Help - Cycling Club Member Engagement (Need Ideas)

I’m looking for feedback from this community of cyclist and triathletes on what you look for in a cycling club as perks or benefits and overall club engagement.

I’m really looking for some fresh ideas on how to generate member engagement both physically and via social media channels primarily to provide value to a member so they really feel like they’re a part of something special. Not just a discount on a new team kit and other discounts from team sponsors, don’t get me wrong these are truly nice benefits but again I want to elevate that sense of belonging to something.

I am the president of this club and we recently became a non-profit to help drive a youth a grass roots youth program (ipad to bike) but admittedly Covid has crashed a lot of momentum. Login • Instagram. Our club is 100 members strong 70/30 split of Cyclist to Triathletes. My first year as president was the year that was lost “Covid”, this year has been a struggle as well. Team rides are spotty on turnout, we couldn’t get our annual road race put on due to restrictions from the local government and so on. We’re in CA so Covid restrictions have continued to linger to some degree in and around surrounding areas.


2016-19 I rode and raced for a local ‘shop’ team. They were our sponsor and we got some benefits. In 2019, the shop closed. We lost our sponsor and any benefits. As a group, we loved riding together so we decided to do our own thing. We tossed a few ideas around, came up with a name and even found another sponsor.

2019-early 2020. COVID hit, group rides and races stopped and we lost another sponsor.

2020-2021. Our group/team had dwindled and things weren’t looking great. A small number of us got together with the sole purpose of defining who and what we were. There are plenty of great cycling clubs around my area and they’re all well attended so there’s a passion for cycling. Why then do I not join one? What does my group offer me that the others don’t?

We spend well over a month drilling down into this. Once we felt that we had a ‘reason’ for us to continue to exist, we polled the other riders/team members. We wanted to know how they perceived the group. Why they opted to ride with us? What they liked about the set up of the group and what they’d like to see improved.

Two rounds of this type of discussion to place. Feedback forms were created and distributed. TEAMS discussions also took place.

All of this enabled us to get an understanding of why riders were choosing us. Did we ‘like’ why riders were choosing us and what we might do to improve our ethos and outward community presence.

This learning gave us the foundations onto which the team and the riders can build. We’ve all had an opportunity to voice our concerns. We’re all invested in making the team a welcoming environment. We’ve been able to rebrand. Our kit is no longer a ‘nice’ club kit, it’s an outward display of all the learnings we took from this process. We have an agreed tone of voice for social media and most importantly, team members are proud to wear the kit and engaged in social media.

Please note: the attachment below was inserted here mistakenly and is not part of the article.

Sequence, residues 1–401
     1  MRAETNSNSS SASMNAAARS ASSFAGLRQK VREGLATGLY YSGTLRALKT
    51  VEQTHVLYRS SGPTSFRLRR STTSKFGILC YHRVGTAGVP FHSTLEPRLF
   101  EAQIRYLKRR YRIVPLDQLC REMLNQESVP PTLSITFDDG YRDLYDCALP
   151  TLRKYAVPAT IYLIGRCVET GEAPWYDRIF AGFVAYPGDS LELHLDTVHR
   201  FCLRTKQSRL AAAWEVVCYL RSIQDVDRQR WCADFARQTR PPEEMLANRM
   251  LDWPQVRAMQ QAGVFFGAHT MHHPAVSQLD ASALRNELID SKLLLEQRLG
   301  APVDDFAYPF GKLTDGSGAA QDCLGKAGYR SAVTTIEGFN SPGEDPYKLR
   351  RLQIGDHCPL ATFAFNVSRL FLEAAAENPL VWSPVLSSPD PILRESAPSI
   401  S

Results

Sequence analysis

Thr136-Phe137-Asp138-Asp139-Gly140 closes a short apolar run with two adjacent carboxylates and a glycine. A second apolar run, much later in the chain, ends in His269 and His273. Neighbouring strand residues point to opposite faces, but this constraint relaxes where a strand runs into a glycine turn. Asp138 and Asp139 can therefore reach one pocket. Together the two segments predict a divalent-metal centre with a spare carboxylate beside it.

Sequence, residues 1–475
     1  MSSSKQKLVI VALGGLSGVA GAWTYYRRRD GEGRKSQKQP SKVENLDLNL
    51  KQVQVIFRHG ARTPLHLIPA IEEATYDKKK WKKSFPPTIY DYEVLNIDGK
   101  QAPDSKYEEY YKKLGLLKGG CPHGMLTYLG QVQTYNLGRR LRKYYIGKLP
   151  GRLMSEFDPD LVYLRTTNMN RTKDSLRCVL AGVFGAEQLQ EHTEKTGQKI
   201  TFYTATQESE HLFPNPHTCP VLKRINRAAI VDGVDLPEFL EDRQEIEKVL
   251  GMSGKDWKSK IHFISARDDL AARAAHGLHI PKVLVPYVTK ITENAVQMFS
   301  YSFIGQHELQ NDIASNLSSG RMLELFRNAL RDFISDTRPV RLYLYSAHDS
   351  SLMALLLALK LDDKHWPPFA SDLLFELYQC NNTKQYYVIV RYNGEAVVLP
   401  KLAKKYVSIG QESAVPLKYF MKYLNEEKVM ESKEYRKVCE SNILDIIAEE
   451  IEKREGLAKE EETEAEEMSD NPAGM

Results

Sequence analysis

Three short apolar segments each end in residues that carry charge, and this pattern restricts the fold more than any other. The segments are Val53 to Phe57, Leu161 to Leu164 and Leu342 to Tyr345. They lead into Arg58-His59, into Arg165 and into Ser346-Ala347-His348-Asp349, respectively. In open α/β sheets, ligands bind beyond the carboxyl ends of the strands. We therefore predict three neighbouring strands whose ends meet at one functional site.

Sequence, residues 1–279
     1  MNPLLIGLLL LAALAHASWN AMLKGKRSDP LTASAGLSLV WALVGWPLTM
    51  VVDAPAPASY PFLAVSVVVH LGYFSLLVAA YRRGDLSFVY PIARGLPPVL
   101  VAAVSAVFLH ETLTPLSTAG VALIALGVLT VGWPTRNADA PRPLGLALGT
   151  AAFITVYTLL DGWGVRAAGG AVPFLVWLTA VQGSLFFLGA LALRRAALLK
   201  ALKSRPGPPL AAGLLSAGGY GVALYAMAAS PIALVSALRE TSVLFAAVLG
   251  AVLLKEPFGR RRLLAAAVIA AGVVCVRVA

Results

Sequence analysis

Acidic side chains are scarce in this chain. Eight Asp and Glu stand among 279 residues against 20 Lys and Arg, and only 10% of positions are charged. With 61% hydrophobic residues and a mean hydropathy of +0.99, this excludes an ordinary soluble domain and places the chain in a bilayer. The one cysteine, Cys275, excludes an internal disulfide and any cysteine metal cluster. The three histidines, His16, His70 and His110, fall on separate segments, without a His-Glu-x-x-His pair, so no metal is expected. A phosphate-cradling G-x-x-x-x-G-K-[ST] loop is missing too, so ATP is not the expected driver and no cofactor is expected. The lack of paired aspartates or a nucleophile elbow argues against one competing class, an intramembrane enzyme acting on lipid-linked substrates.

Hopefully there are some useful points in my rambling… :+1:


100% this. It’s a lot of work to do it, but I think it’s the best way to set a sustainable foundation for the future.

Given what you’ve said about the pivot of your club, a grass roots youth program driving ‘ipad to bike’, that tells me that you’re ‘target audience’ is younger kids of a beginner skill level and trying to engage them. If that is true, then you’ve got your core message and you can get to work building up the club with people who share that common goal.

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I’ve been cycling off and on since I was a kid, and running for about 10 years as an adult. Being slow and not very athletic I never thought clubs were for me, but when I joined my running club about 5 years ago I wondered why I never did it before. The thing I like most about being in a club is the sense of camaraderie - helping others achieve their goals and getting help to achieve mine, or chatting with random strangers who see your club top and say “oh my dad used to be in that club” when at a race 150 miles from home. Our members range from a former Commonwealth games marathoner, several Team GB age-groupers, right through to the “my kid’s in the juniors so I might as well have a go too” brigade. I’m near the bottom in terms of speed but I never feel like I’m better or worse than anyone else, just faster or slower.

We have a great Facebook community with plenty of debate, chatter, advice etc. We’re over 300 members plus the junior section so there’s always someone to talk to or run with. We also do plenty of club-only and small interclub competitions each year. During covid we’ve done a lot of solo time trials, where you run when and where you want over a given distance; we’ve also done some handicap and team events on similar lines. Some of these have involved the juniors which is even better for the team spirit. It’s given people something to aim for and while it’s not the same as normal racing, having a routine focal point that brings a lot of members together has kept a lot of people going.

However I still feel less comfortable with joining a cycling club - partly due to most of my local ones either being not very local or only having group rides at times I can’t easily commit to. My main aim in joining a cycling club would be to go on group rides and to do some friendly local races (TTs, cyclocross), and most clubs nearby have some sort of handicap competition or similar that anyone can be competitive in.